Steven Cranston

The most striking moment of a recent meeting with Climate Change Minister James Shaw was his response to the idea of a zero-warming target for agriculture.

It was made very clear that this Government under no circumstances will consider such a target. This begs a serious question, if reducing the industries’ impact on the climate to zero is not the objective behind taxing farm emissions then what is?

It’s no wonder farmers feel persecuted by this Government. The Minister had no concerns explaining that ‘only’ another one million hectares of farmland needs to be converted to forestry to satisfy their initial goals. Never mind the many rural communities that will be devastated by the growing trend of forestry companies buying and blanket-planting whole farms in pine trees.

This trend will only accelerate once the land use equation is further tilted towards forestry with a tax on livestock emissions.

But why would the very idea of helping agriculture define what it must do to become a zero-warming industry result in such a defensive response from the Minister? The problem with investigating the net warming effect of agriculture is of course the findings will completely upend the Green Party’s long-held position that farmers are to blame.

The disappointing aspect is the Minister knows better. His own reports clearly state methane is not the problem, farmers are already on target to achieve the 10% emissions reduction required by 2050 to avoid any further warming impact. The only thing stopping agriculture from formally becoming a climate neutral industry is the Government’s insistence that policy be based on gross emissions rather than warming effect.

A closer read of those Government reports gives further understanding to why agriculture is being targeted. The Productivity Commission noted “reductions in short-lived gas emissions over the short and medium term could enable a slightly larger amount of long-lived gases to be emitted”. In other words, if farmers reduce livestock numbers the rest of the country does not need to make politically unpopular changes to their lifestyles. Farmers may be the backbone of the economy but unfortunately, they only make up a small percentage of the electorate so make easy scapegoats.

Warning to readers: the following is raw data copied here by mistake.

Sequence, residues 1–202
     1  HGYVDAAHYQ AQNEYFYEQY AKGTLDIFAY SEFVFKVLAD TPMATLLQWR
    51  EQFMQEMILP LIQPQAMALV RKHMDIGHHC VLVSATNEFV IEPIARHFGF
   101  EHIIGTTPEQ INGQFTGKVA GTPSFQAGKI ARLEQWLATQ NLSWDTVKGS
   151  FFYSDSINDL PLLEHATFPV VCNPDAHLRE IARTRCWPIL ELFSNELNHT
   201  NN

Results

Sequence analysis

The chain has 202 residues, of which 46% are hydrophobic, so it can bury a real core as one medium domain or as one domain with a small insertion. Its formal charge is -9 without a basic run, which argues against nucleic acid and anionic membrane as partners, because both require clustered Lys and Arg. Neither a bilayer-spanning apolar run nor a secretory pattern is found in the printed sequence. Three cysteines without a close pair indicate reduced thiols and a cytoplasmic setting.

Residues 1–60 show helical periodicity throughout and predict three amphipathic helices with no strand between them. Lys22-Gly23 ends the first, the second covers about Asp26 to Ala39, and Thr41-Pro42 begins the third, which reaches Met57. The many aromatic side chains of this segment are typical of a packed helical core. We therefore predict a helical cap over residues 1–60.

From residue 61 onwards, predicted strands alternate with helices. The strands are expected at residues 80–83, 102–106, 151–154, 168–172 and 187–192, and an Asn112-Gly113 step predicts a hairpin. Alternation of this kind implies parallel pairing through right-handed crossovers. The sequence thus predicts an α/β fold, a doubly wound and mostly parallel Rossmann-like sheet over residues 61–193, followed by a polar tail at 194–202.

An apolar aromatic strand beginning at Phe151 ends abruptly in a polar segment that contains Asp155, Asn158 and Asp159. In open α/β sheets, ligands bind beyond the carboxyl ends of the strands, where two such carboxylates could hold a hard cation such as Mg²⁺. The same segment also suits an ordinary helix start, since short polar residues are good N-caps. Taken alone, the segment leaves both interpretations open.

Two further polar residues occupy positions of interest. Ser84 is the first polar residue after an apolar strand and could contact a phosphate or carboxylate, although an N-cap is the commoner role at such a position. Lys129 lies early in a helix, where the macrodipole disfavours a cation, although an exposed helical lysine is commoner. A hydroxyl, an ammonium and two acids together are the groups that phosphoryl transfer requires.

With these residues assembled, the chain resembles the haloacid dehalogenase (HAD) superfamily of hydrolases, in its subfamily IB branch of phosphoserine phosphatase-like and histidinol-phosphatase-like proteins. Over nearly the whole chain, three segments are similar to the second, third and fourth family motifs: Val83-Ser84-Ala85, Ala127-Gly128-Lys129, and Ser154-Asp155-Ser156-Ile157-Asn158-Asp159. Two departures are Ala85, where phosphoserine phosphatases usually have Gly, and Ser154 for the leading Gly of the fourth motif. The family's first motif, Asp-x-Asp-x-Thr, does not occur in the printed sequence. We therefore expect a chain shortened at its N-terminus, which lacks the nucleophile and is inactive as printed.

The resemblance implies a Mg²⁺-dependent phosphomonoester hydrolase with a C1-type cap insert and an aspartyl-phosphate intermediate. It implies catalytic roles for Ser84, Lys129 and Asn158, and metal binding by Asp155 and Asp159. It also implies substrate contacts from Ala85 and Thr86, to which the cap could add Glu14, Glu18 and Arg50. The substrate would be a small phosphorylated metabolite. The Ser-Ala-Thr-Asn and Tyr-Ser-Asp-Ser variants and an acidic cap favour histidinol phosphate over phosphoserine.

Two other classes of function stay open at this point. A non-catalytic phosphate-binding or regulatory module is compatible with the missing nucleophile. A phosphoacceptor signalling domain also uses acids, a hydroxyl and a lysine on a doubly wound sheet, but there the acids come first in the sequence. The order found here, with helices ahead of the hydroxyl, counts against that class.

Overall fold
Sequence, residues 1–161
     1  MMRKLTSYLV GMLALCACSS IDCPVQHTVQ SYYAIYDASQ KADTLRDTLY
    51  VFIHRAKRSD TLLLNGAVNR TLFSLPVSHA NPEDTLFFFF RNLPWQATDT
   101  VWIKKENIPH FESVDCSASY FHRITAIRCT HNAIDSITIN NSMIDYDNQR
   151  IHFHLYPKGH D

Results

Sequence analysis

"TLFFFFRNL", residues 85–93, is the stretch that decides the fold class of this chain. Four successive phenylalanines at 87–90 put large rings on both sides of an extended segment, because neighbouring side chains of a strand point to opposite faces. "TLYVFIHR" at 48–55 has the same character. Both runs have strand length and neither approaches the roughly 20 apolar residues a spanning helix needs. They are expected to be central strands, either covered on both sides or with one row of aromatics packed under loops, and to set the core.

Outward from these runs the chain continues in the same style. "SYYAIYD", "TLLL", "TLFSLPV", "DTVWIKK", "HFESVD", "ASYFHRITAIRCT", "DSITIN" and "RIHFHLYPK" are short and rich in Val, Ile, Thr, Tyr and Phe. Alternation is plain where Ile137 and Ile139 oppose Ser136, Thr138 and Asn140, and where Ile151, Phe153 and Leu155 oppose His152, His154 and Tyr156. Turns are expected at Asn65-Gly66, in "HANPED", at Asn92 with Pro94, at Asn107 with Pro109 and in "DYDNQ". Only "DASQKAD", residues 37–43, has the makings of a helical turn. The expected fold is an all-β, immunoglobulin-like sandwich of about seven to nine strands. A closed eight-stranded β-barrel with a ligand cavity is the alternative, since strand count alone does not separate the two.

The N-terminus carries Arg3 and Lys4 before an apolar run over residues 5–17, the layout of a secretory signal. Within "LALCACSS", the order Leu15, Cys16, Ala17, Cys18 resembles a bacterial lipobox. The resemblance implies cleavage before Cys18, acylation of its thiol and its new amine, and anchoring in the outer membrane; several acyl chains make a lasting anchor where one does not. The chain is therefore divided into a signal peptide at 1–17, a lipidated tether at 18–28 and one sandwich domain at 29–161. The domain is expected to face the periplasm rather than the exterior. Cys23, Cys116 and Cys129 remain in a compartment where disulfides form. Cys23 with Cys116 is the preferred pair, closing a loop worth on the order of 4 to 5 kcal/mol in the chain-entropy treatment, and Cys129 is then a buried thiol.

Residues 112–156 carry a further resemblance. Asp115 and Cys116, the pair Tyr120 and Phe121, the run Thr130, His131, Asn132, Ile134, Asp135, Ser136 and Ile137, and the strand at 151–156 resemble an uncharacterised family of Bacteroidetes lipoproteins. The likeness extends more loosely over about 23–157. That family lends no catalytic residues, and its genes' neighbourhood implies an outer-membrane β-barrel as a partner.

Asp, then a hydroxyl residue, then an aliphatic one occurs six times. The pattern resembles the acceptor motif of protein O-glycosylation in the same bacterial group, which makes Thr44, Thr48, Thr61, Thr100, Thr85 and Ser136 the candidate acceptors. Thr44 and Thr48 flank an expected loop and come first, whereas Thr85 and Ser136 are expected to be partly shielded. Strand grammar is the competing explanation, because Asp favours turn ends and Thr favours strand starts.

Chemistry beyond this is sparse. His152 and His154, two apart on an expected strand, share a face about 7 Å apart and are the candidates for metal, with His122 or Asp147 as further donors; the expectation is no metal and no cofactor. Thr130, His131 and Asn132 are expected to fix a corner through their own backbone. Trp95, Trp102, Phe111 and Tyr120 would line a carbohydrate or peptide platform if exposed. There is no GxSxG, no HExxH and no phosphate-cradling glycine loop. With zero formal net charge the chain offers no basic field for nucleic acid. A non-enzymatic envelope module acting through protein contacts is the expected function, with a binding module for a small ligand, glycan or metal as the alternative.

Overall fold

It’s hard to see any imminent respite for farmers at this point, their fate largely rests with a Climate Commission carefully selected to toe the Government line. The commission will decide if agriculture’s proposals to reduce emissions are acceptable and if not, farmers will be tossed into the National ETS and start paying a tax on their emissions as soon as 2022.

There would be more faith in the process if a range of views were included on the commission. Internationally recognised experts on advanced methane accounting such as Professor David Frame would have been a logical choice. He is one of the creators of the GWP-we, a new metric specifically designed to convert emissions back to warming potential. This is just another example of politics over science when it comes to climate change.

To put the Government’s hard-line on agriculture in context it’s helpful to compare it to their stance on Air New Zealand, in which the Government holds a controlling 52% stake. Air NZ has a policy of not increasing emissions further after 2020. They still plan to emit a whopping 3.5 million tonnes of long-lived carbon dioxide each year which unlike agriculture’s nitrous oxide, is not being offset by trees.

Both tourism and agriculture contribute significantly to the economy. Both have limited means to reduce emissions other than reducing the size of their operations, yet there have been no calls from the Minister to reduce the number of flights. To rub salt in the wound, Air NZ will continue its growth past 2020 by buying carbon credits from recently converted farmland. Again, farmers are taking the hit so other industries don’t have to.

It’s time to bring some reality to the hysteria around agricultural emissions. A net emissions budget which includes farm trees must be completed before any credible policy response can be created. Success for agriculture should be ensuring no further warming of the atmosphere, that is the logical target and would ensure agriculture is treated the same as other industries.

If the Minister for Climate Change wants to dispel the growing impression in rural communities that they are being unfairly targeted, less talk about land use change and a greater focus on climate change would go a long way.

  • Steven Cranston is an agricultural and environmental consultant.